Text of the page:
The Garden on a miserable January day
My son and I are gardening in a small courtyard but at least we do have borders. I appreciate that lots of you may only have space for a few containers, so this is just for you.
In many ways it is easier to grow veggies in containers. Although you must water daily, avoid waterlogging and feed regularly, at least you know you have to. When you grow veggies in the ground you can become a bit complacent (read lazy) and then when you do bother to visit them, they have died. Pots are also great for kids because they are easier for them to manage.
My top tip is to use mulched veggie peelings mixed in with the soil. As it continues to rot down in the pot, the soil is fed with goodness. It also saves having to wait for your veggies to rot down completely in a compost heap, which is important when you are short of space.
You can pretty much grow anything in a container but here is what we will be growing in containers this year.
We are going to try growing mint and coriander pots. We have never successfully grown coriander before but if nothing else, it will teach my son that not everything that you plant actually grows. Mint on the other hand is really easy to grow. We bought a few pots of it from a supermarket years ago and after they were cut down, we left them on the kitchen counter and a few days later, we noticed the little stalks were shooting new leaves. Two years later we have more mint than we know what to do with.
We have previously grown salad leaves in troughs. The great thing about salad leaves is that you don’t have to pick a whole lettuce to use. You just pinch out the leaves as you need them and they keep re-growing through the summer.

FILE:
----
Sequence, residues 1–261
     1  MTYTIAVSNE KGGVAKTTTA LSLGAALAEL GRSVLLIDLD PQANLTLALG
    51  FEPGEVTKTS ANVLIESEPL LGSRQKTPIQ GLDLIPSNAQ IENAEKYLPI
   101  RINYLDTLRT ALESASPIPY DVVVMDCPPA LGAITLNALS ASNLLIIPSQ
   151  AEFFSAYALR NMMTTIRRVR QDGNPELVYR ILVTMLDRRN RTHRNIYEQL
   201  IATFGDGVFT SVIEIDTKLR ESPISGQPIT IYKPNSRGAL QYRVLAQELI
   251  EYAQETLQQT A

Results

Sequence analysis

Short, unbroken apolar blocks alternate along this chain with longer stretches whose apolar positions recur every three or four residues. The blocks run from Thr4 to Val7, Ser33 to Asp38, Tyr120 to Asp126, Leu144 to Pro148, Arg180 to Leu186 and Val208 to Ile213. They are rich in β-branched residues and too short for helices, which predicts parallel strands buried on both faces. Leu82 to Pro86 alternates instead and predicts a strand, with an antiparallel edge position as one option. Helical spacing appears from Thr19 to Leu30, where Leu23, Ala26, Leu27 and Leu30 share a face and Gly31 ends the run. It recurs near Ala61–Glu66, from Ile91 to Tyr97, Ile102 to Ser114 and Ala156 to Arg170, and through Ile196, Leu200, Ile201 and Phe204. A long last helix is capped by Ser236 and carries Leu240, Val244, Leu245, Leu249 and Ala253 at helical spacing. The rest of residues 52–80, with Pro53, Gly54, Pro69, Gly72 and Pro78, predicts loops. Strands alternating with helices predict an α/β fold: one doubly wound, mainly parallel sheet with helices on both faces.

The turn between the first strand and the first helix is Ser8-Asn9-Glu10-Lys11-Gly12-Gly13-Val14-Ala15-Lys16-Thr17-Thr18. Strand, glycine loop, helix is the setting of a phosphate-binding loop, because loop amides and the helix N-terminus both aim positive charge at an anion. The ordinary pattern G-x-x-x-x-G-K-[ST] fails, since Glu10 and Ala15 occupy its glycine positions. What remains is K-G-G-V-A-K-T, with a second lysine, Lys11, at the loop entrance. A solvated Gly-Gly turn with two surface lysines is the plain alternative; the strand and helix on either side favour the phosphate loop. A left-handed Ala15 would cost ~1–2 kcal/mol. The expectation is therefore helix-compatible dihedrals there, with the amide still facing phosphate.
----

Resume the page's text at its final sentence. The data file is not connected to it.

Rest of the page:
Tomatoes actually grow better in a pot or grow bag than in the ground because they thrive on nutritious compost. I have been saving the odd split tomatoes that you find at the end of shop-bought tubs of tomatoes. Rather than throw them away, I have let them dry out. I will sprinkle the seeds directly into pots later in the year. I learnt this by throwing some rotten tomatoes into the wormery and then using the worm compost months later and accidentally growing tomato plants that were full of really tasty tomatoes.
We have never grown them before so we will have to see whether they are an easy grower but having done some research, they are suitable for container gardening.
Carrots are great in large pots. The pots need to be quite deep for a standard carrot but you can get dwarf varieties for smaller pots. We successfully grew them last year. We should have left them longer to get bigger carrots but the leaves looked so bushy and healthy, I could not resist harvesting them. Also, we have a house rabbit and I was impatient to feed him something homegrown that wasn’t a dandelion! This year I will try to be more patient.
I have friends who have successfully grown beans and peas in pots and none of them are what you would call gardeners. I have not grown peas before but they look very pretty and they attract butterflies and bees and any successful garden needs its insects.
ONIONS & GARLIC
I have tried both in pots before and they started well but we neglected them so the onions did not grow very big and the garlic rotted. This year my son and I will look after them properly so hopefully we will see good results. Garlic does not need much room but if you put them in tiny pots, they can be starved of nutrients. We fortunately have an abundance of worm wee to constantly top up the nutrient content of our pots but I will still use slightly larger pots than I did last year, to ensure the garlic thrives. To get a decent crop of standard onions, a larger pot is needed.
So there you have it, our plans for container gardening. Is anyone trying other veggies in pots?